August 17, 2011


The Science of Attention Spans: Cathy Davidson's new book argues that we perceive only a fraction of everything going on around us, and this attention blindness ill prepares us for the multi-tasking Internet age. (Casey Schwartz, Aug 17, 2011, Daily Beast)

Cathy N. Davidson remembers a lunchtime lecture at Duke University a while back in which the speaker, someone from the university's medical school, told the audience he would play a video of people tossing balls back and forth and asked everyone to keep a close count of how many throws were made. Davidson, a Duke professor--and dyslexic--didn't even try. Instead, she leisurely watched the tape. In about 30 seconds, a figure in a gorilla suit wandered across the screen, stopped, beat its chest and wandered off. It turned out only Davidson noticed this creature--everyone else had been focused exclusively on the assigned task.

That experiment on "attention blindness" is at the heart of Davidson's new book, Now You See It: How the Brain Science of Attention Will Transform the Way We Live, Work, and Learn. Attention blindness--the fact that we perceive only a fraction of everything going on around us--is a basic characteristic of the human brain. It's also a saving grace, because we'd be incapacitated by the amount of information assaulting us if we noticed it all.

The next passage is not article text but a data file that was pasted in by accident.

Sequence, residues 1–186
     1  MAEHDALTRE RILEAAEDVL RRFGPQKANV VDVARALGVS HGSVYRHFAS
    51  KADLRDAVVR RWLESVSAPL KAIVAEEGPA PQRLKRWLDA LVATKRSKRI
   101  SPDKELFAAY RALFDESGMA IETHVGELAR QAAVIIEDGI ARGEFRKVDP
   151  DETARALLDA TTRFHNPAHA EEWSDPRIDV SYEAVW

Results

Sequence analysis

And yet, in her new book, Davidson argues that our attention blindness is a big problem that must be addressed--especially now that the Internet has come along and changed everything about how our lives work. The Internet, she notes, has thrust us into an interconnected, collaborative existence, marked by the total breakdown of barriers between work and leisure, public and private, home and office, domestic and foreign, and so on. She argues that although our lives have been irrevocably altered, our most important institutions are not. Those core institutions--school and work--are behaving for the most part as if nothing epochal has occurred.

Consider how bizarre it is that we still test kids by pretending that they need to be able to summon up information from their own memories even though there is no setting (outside of Gilligan's Island) in which this will ever be required, even though we know human memory is faulty to near uselessness for such purposes, and even though in real life settings we'll want them to be able to access information and collaborate with others instead.

Posted by Orrin Judd at August 17, 2011 6:50 AM
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